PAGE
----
Firefighters Race to FedEx Facility After Damaged Radioactive Package Discovered

Firefighters have raced to a German FedEx facility after employees discovered a damaged radioactive package.

Crews arrived at the Würzburg FedEx depot, in southern Germany, after they were alerted that a radioactive package had been discovered at the site on Tuesday morning.

According to German media, the 15-inch by 24-inch package with a hazardous substances warning was found by an employee, who quickly told senior bosses.

Once firefighters arrived, they cordoned off the area and carried out a search of nearby shipping items.

Dresden-based Tag24 said four employees had come in direct contact with the package.

Christoph Hartmann, the press spokesperson for the Würzburg Fire Brigade, told the outlet the employees were given medical care and checked for any injuries.

He added there was no trace of increased radiation exposure and that they were referred to a doctor for further examination before they can return to work.

A cordon was lifted shortly after the site had been secured.

The package was later taken for examination and will be disposed of once an investigation has been carried out.

It was not reported what the substance is and what had caused the damage to the package.

A spokesperson for FedEx told Newsweek: "We can confirm that there was an incident involving a shipment at our location in Würzburg earlier today. The fire department was alerted immediately and quickly secured the area.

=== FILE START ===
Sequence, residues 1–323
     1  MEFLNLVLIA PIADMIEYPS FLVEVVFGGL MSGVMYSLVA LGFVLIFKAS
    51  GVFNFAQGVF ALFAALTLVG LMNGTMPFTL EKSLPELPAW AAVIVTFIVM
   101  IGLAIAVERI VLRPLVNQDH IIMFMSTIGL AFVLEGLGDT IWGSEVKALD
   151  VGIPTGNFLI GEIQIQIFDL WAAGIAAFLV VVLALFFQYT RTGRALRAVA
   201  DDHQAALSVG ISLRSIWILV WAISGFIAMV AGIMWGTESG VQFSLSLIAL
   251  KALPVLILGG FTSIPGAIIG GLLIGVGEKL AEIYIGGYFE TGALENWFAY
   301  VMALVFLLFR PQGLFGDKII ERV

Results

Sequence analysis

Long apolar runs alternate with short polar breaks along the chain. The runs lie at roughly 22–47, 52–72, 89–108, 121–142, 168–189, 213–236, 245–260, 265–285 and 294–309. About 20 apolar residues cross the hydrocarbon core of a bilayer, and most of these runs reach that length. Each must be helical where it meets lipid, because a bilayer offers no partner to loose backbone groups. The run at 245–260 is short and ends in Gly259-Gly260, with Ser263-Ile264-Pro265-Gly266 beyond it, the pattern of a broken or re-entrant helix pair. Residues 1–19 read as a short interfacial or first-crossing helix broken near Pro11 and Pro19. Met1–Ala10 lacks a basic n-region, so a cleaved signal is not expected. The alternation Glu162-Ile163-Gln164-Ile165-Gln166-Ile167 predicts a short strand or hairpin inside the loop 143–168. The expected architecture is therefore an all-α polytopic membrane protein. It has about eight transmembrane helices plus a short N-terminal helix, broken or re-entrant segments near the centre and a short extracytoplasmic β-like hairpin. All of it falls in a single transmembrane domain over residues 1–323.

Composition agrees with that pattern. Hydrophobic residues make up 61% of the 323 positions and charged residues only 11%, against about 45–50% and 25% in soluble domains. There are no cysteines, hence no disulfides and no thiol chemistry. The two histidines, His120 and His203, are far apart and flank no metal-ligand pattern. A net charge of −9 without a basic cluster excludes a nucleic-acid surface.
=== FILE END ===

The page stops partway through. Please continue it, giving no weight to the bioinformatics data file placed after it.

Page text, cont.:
"We can confirm that no radiation leak occurred and no employees were harmed as a result of the incident. The station has since been cleared to re-open and standard activities have resumed."

According to Germany's Federal Office for the Safety of Nuclear Waste Management (FOSNWM), more than half a million packages containing radioactive material are transported within the country.

It stated that most of the transportations are radioactive material which is used in measuring, research and for medical purposes.

In order to safely transport radiative material, the organization states the packages must be able to endure severe accidents.

Under regulations for the transport of dangerous goods, including radioactive material, the FOSNWM is responsible for approving transport packages.

When deciding to grant an application, the FOSNWM "considers the radiological aspects such as radiation shielding and criticality safety."

FedEx also transports other medical items. It recently stepped up in the battle against COVID-19 to distribute vaccines across the U.S.

According to the company, the first batches delivered through the courier service happened following months of preparation between distributors and health companies.

In a statement published earlier this year, a FedEx spokesperson said: "We are utilizing our SenseAware ID monitoring technology and our Priority Alert service to track vaccine shipments as they move through our FedEx Express network in the U.S.

"And we have dedicated customer support agents who are monitoring vaccine shipments, ready to intervene should issues such as weather, traffic congestion of customs clearance cause delay and threaten delivery times."

A radiation leak happened at the facility
The radiation leak happened at a FedEx facility in Germany. In this photo, FedEx car is seen on August 24, 2020 in Berlin, Germany. Jeremy Moeller / Contributor/Getty

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